In any other family, she would have been much more accepted and loved, instead of being made to feel inferior in this hyper-high achieving family. I cannot imagine her frustration, and I also read that it was thought at the time that what she really suffered from was depression over "not fitting in" with this family. Because she acted in an aggressive way, it was thought to be best that something be done about that behavior. I just found it bizarre that the answer they came up with was a frontal lobotomy. How about trying a medication for depression instead (unless those medications didn't exist back then, this was in the 1940s). Then to claim later that she had it done because she was "slow" to begin with. From what I read, doing a frontal lobotomy on someone due to their being "slow" is medical malpractice.

You might be onto something with the Karma thoughts, I hadn't really looked at it that way! Thank you for your very thoughtful comment! :)

Joanna McKenna from Central Oklahoma on May 01, 2012:

I have several biographies of the Kennedys, and therefore knew about Rosemary's lobotomy. But none of those bios - surprise? - mention she could read, write, and do math problems. An IQ of 90 was about average for society debs of the day, so Rosemary would've been considered quite "normal" had she not had the misfortune to be born a Kennedy.

Joe Kennedy would never be a candidate for Father of the Year, but IMHO neither would Rose be a candidate for Mother of the Year. She was as much an absent parent as Joe; the children were basically raised by "the help" until they could be packed off to boarding school. To me, the scariest aspect of this family was its mantra of "Be THE best", NOT "Do YOUR best". Second place was NOT an option.

In a family less obsessed with perfection in ALL things, I think Rosemary would've been quite happy AND been loved and accepted for who and what she was.

Now that I know she wasn't illiterate, I have to wonder why Joe and Rose, being so devoutly Catholic with more money than God, didn't steer her into a nunnery where she could live out her days in peace.

I've always thought Joe Kennedy must've done something especially horrible in a past life and the tragedies that befell his children were karmic payback. Joe Jr. was to be the Son-Who'd-Be-President but died in WWII; Kathleen married the future Duke of Devonshire (and thereby the largest fortune in England) but never became Duchess because Billy was also killed in the war, then she died in a plane crash not long after. We know what happened to Rosemary. JFK DID become President, but not for an entire term and not until after Joe had suffered a massive stroke and couldn't enjoy his "coup" over the Brahmins of Boston. Chappaquiddick squelched Ted's chances for the Oval Office, Bobby was assassinated.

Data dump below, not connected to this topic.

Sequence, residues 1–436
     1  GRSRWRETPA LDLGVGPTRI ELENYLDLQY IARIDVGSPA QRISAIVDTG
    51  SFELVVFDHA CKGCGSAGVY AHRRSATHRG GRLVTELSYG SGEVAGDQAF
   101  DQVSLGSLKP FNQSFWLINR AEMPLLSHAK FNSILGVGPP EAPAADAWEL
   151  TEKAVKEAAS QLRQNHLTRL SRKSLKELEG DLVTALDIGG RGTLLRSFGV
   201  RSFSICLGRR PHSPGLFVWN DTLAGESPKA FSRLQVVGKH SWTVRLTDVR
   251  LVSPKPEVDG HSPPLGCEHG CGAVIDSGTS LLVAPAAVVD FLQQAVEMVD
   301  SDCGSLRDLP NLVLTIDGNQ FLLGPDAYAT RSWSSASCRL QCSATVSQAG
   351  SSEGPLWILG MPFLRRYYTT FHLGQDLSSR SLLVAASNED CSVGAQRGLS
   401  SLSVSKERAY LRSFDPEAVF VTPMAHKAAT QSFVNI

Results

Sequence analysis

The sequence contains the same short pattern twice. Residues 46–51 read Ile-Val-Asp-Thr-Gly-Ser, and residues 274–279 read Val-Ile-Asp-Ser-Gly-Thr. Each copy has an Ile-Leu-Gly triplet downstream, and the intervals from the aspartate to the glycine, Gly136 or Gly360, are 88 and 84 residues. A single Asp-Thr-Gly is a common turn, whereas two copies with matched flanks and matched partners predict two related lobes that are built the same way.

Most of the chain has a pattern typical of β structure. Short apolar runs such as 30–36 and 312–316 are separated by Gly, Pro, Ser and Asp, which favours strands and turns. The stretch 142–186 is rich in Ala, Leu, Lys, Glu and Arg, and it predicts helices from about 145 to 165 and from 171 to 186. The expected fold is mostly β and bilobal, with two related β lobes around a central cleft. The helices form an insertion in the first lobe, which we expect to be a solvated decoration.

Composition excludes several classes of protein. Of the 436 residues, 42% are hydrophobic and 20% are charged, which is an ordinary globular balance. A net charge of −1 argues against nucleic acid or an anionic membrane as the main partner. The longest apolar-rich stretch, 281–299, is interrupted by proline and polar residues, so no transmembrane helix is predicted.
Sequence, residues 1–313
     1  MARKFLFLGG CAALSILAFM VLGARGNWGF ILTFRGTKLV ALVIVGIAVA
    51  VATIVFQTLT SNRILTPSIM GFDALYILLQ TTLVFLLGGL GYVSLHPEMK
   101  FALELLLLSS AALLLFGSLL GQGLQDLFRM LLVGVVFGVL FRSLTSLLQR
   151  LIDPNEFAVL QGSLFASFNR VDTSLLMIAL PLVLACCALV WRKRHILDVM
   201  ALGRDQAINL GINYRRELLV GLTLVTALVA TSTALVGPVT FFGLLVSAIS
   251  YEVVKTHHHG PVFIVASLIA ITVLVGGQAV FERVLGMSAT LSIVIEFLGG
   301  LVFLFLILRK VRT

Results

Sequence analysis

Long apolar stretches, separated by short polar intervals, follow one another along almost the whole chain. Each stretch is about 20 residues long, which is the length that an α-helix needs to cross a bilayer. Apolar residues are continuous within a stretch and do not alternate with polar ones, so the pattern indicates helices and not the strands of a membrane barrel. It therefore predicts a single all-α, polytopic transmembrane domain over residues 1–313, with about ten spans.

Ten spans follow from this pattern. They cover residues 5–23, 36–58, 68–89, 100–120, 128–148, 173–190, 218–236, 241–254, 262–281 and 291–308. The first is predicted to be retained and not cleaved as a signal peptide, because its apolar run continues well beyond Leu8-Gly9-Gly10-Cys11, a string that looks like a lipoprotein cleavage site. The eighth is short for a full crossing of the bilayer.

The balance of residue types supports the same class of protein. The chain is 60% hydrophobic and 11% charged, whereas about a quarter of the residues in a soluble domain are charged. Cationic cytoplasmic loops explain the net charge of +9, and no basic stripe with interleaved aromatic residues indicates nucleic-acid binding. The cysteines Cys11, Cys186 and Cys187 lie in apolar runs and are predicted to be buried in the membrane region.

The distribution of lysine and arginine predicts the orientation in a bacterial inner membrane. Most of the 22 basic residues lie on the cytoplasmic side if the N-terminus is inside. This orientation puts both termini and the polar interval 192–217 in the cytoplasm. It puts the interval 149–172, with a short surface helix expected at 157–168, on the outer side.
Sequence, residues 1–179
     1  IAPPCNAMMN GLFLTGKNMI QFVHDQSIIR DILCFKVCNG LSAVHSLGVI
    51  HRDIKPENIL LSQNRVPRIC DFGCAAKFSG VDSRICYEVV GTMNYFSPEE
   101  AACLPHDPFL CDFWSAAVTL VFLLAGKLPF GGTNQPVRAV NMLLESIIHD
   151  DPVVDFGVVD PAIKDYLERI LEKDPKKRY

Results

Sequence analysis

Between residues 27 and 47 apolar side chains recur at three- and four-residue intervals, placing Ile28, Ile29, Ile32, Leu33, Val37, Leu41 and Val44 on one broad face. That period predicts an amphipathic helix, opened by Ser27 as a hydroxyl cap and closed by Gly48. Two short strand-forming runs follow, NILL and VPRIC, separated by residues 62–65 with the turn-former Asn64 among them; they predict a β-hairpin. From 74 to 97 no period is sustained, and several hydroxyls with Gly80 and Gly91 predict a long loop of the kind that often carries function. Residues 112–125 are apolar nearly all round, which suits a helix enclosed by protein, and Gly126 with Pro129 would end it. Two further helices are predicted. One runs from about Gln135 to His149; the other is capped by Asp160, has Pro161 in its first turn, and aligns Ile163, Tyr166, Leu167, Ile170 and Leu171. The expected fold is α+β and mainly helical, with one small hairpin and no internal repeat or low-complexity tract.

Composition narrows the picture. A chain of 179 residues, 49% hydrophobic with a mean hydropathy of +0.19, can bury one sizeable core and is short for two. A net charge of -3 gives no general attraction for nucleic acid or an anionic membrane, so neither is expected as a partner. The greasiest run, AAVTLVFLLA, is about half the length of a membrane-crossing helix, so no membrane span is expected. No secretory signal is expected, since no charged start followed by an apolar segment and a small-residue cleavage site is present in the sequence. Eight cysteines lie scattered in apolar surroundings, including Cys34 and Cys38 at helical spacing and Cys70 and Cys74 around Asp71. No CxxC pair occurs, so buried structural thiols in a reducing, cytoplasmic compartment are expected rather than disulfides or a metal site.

So much for having "more money than God". Very sad that Rosemary suffered the most and the longest.

KathyH (author) from Waukesha, Wisconsin on April 30, 2012:

Hi Lisa HW, I'm so glad you DID add another spin to this story! I'm like you, I cannot imagine any parent ever doing something like this to their child either... ever! Thank you so much for your thoughtful comments! :)

KathyH (author) from Waukesha, Wisconsin on April 30, 2012:

You're welcome, always exploring! :) So glad you found this interesting! :) I can't imagine ever allowing this to be done to one of my children either! Thank you for reading and commenting!

Ruby Jean Richert from Southern Illinois on April 30, 2012:

Your story is very interesting. I knew the Kennedys had a child that was considered slow. I felt sad reading her life story, what a shame. I can't imagine allowing a lobotomy performed on a child of mine. Thank you for sharing. Enjoyed.

Lisa HW from Massachusetts on April 30, 2012:

KathyH, thank you. I wasn't sure if I should add "another spin" to the importance of Rosemary Kennedy's story, but (more than what happened to me) I have three grown kids. I can't even imagine any parent ever, ever, doing such a thing (or a whole lot of things that are a lot less than that). Odd as it may sound, I've always felt very sorry for that man's and his wife's children. They say, "judge not" - but I'm sorry. I judge sometimes.

KathyH (author) from Waukesha, Wisconsin on April 30, 2012:

Wow, Lisa HW, you have written a wonderful commentary here! I was totally riveted by reading your comment from the opening line to the last line. I'm so sorry that happened to you, and I believe you brought up some wonderful points here. As I was writing this, I found myself becoming increasingly angry over the very unfair way this woman was treated, and how it ruined what was left of her life. And I do believe you are on to something when you say that this type of thinking does sometimes still go on today in the way that women and girls are treated.